Reading: Rething-ifying the internet of things / Jennifer Gabrys



Jennifer Gabrys In Sustainable Media: Critical Approaches to Media and Environment Edited by Nicole Starosielski and Janet Walker (Routledge, 2016)


Selected quotes // Notes from Reading 

“Things, within the Internet of Things, are the curious creatures to which I turn my attention in this chapter…

  • What are these things in the Internet of Things and what are the characteristics of their emerging materialities?
  • How, as newly electronicized objects, do they manifest distinct material and environmental effects?
  • And how might an attention to these material and environmental effects provide an opportunity for generating new areas of environmental intervention in relation to sustainable media?”


“Alongside theorists like Lisa Parks and Matthew Fuller, I have argued for a consideration of what lies beyond the screen, of how hardware unfolds into wider ecologies of media devices, and of how electronic waste may evidence the complex ways in which media are material and environmental, despite our tendency to overlook these interconnected infrastructures, supports, and resources.”


“What are these things within the Internet of Things and how do they influence, challenge, disrupt, or reroute discussions of materiality within media studies? What consequences do these things have for thinking about the environmental effects and relations generated through the Internet of Things?”

    • “ubiquitous computing = central to new environmental practices
      • ex: monitoring pollution / citizen science
    • sensor technologies are also entangled with proposals for new efficiencies to be gained, as well as new opportunities to achieve sustainability through ongoing monitoring of resource use. Yet on the other hand and as will be my focus here, the projected rise in computational objects and applications is sure to generate new modalities and distributions of electronic waste
    • How do these specific applications and imaginaries of the Internet of Things inform the materialities—and things—that are generated?
    • And what implications do these materialities and things have for media theory and practice?”

“The Waste from Electrical and Electronic Equipment (WEEE) directive of the European Commission documents a bewildering array of items—from laptops to toasters—for treatment as a special category of this hazardous waste.”Digital Rubbish: A Natural History of Electronics // Jennifer Gabrys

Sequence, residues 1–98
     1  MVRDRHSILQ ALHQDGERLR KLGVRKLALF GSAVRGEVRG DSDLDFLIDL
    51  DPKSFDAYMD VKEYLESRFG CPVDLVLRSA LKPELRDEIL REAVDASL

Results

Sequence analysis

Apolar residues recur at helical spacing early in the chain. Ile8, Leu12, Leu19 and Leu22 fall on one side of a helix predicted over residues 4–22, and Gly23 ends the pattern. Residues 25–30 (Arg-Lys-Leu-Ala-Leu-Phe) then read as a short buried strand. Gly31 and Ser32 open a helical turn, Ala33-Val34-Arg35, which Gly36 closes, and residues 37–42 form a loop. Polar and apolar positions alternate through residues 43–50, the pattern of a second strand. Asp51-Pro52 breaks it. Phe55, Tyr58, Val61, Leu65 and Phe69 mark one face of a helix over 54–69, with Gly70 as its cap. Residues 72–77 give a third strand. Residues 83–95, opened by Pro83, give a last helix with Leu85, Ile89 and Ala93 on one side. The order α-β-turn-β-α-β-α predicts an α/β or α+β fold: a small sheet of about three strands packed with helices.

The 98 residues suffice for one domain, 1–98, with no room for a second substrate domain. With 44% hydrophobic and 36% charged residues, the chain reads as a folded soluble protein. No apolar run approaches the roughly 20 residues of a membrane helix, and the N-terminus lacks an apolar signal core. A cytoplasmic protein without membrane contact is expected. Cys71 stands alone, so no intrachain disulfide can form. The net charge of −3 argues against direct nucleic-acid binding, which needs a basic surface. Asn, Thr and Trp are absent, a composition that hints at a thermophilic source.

“the things within the Internet of Things consist of a growing list of intelligent devices that would augment, optimize, and interconnect every aspect of our daily lives. To what extent might this expanding array of digital things generate different modalities, materialities, and environments of computation?”

“The Internet of Things is just as often referred to as the Internet of Everything, since networked and programmed capabilities are meant to inform products, bodies, environments, and systems, where the world is connected through sensors, networks, and a steady flow of data.”

“The number of devices connected to the Internet is currently estimated to be approximately one and a half to two billion. By 2020, however, this number is forecast to grow to up to fifty billion devices, with many more set to follow.8”


“the Internet of Things as a concept is often dated to Mark Weiser’s work on ubiquitous computing at Xerox Parc in the 1980s and 1990s,9 and as an actual term is dated to 1999,10 another pivotal moment in the concept’s elaboration is 2008, the year when Internet-based machine-to-machine connectivity surpassed that of human-to-human connectivity.1”

Connected toaster exaple:

“Cerf opines, but he draws a further connection to how such a “feedback loop is going to be important from an environmental point of view, because I would say that we don’t always understand the consequences of our actions.” He concludes, “this kind of feedback loop may actually help us do a better job of managing our response to environmental problems including global warming.”

Thingification as Enabling and Ennobling Technology

“electronic environmentalism,”

MIT Trash Track project from Sensable Cities Lab


Keywords: technomateriality, e-waste, sensor actuated

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